5. Step 5: Purchase. First of all, look up the current prices to have an approximate idea. You already know your budget, and you have a shortlist of the models you want – Flipkart and eBay both are good sources for current prices, and knowing the base price here will stop you from getting ripped off. If you’re buying on your own – and I recommend you do – head down to Lamington Road in Mumbai. Google for the good stores before you go, or you’ll be lost – there’s hundred of them everywhere. You won’t find much difference in the prices shop to shop, they’re all networked and don’t undercut each other, but the better ones will be able to help you decide and replace if there’s any issues with the product. This is also where you’ll get the lowest prices. There are other distributors across the city, but prices will be higher, and range smaller. Around (within a 5-minute bike ride) the distributors there’ll be lots of small retail computer stores – these will have the poorest range, the highest prices, will push old stock on you and are probably the most familiar face of your hardware experience, but it’s time to move on, isn’t it?
  6. Step 6: Actual replacement. Again, just google what you’re about to do (and make sure you have the page open on a laptop / second computer / printed out beforehand) and shut down, open up, remove old card, insert new card, do not force or struggle, tighten the screws, and you’re done. GPU replacements are probably the easiest to do, other than RAM – no cables to manage, as most GPUs run direct off the PCI slot. If it needs an external power supply, make sure you’ve identified where that goes. I’m not going to talk about crossfiring, I don’t know enough about that – try it on your own.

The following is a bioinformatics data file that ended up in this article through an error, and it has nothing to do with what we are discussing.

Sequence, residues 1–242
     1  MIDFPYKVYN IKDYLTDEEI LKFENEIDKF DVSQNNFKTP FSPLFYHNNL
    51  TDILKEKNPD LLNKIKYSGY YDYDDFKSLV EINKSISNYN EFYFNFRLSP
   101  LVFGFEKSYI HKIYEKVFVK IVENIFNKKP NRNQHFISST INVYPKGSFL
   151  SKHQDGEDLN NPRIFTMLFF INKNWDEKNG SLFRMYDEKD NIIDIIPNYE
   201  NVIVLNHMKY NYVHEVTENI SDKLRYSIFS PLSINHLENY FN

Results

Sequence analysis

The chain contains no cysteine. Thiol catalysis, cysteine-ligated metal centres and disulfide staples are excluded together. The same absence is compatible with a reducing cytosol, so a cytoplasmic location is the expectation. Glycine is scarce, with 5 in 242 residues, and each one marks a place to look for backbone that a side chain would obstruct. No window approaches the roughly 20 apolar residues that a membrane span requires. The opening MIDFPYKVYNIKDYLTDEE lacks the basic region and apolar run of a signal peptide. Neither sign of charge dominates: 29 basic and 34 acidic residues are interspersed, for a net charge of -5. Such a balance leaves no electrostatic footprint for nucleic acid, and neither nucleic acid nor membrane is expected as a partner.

7. Restart and let the system detect the new hardware, run the manufacturer disk, and you’re set.
  8. Emergencies – in case there’s any issues, you can always get a working (non-gaming) system by simply using the motherboard’s own VGA slot for the monitor instead of the GPU slot. You can also use this when your GPU’s about to fail / has failed, leaving you with a blank monitor.
Next post – since I messed around too much with Linux’ graphic driver settings, I’ll be wiping that and upgrading to Oneiric Ocelot; review coming soon.